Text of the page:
(*) - A potentially unpopular thought: Consider the case of the Malayalam novel. In any discussion, 'Kundalata' is readily acknowledged as the first of its kind and right thereafter, it is promptly dismissed as a low-quality yarn and 'Indulekha' mentioned as the 'first proper Malayalam novel'; at any rate, there is no talk attributing any paternity (of a literary nature) to Appu Nedungadi, author of 'Kundalata' and no major award or anything commemmorates him. So one can legitimately wonder whether calling Daniel, whose actual position in the history of Malayalam cinema looks considerably less substantial than Nedungadi's vis-a-vis Mal literature (and to me, the argument that a silent film like 'Vigathakumaran' has no well-defined language has some merit as well), the 'father of Malayalam cinema' isn't going quite a bit overboard. One could even add, the truly unfortunate 'lost heroine' Rosy, who played the female lead in 'Vigatha...' has better credentials to be called the 'Mother of Malayalam Cinema'.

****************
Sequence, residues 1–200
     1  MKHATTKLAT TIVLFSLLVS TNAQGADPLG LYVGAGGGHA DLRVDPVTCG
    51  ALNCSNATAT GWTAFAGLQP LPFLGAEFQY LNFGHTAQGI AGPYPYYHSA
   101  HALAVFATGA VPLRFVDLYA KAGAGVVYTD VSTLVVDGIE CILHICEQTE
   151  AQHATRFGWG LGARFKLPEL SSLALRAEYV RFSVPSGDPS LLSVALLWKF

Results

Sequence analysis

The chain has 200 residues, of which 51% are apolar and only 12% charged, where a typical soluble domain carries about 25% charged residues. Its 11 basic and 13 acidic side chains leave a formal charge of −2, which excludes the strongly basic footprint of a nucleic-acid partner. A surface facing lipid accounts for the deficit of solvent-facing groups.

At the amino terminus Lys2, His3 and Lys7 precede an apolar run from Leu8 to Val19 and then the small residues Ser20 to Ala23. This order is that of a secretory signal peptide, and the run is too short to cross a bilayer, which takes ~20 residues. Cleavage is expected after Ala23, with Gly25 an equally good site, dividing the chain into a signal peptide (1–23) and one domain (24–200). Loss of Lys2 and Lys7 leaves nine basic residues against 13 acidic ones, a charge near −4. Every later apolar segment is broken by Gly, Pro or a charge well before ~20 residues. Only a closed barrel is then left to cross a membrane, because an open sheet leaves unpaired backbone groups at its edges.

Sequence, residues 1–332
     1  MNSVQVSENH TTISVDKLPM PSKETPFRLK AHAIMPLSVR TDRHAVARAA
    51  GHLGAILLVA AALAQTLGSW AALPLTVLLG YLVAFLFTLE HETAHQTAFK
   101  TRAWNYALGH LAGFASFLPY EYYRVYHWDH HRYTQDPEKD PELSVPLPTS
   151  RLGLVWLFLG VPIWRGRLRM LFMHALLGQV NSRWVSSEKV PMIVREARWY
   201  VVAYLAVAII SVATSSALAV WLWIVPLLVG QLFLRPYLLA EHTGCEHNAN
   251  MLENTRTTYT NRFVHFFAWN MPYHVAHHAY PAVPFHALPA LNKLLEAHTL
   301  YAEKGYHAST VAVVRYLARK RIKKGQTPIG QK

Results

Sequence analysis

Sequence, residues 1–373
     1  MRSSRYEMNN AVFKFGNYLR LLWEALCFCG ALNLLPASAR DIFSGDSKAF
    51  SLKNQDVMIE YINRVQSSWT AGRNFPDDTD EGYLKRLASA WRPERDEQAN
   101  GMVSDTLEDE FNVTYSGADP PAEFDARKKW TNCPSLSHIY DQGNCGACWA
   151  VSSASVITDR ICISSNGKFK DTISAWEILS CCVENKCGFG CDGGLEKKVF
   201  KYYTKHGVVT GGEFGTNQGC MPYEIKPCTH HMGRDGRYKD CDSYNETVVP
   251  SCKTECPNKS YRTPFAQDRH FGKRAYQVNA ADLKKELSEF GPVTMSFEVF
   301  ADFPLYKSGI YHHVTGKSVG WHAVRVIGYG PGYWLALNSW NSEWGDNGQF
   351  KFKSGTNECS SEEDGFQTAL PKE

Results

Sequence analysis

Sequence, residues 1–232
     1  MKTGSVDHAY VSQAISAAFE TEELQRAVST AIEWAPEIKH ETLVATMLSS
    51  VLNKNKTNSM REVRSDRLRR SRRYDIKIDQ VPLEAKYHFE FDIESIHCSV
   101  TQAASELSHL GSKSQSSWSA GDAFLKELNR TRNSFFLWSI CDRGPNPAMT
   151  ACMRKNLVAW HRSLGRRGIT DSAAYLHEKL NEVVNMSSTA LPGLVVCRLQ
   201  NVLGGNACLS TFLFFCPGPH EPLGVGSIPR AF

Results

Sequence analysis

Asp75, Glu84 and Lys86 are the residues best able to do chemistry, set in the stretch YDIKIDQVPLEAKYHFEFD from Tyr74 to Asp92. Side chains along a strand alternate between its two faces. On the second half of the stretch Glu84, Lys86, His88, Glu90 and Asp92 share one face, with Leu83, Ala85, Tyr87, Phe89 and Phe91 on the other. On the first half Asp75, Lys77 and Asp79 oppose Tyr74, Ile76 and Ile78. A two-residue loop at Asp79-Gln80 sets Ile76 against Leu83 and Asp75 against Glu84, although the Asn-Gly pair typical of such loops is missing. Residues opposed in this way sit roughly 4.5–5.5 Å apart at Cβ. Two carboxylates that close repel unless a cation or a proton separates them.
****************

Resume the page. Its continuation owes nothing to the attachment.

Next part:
Update(December 16th 2014): Just saw a remark by noted film critic Vijayakrishnan quoted by someone else. The gist of the remark goes thus: "'Vigathakumaran'was a flop not only because of the opposition from caste-groups - as a film it was not much good. People in Trivandrum had already seen films made elsewhere (a theatre 'Capitol' was already there) and had some idea of what a film ought to look and feel like. Daniel's rather simpleminded approach to filmmaking mostly was making a set, staging a play in that set and filming it from a fixed camera position; and this left most spectators unimpressed."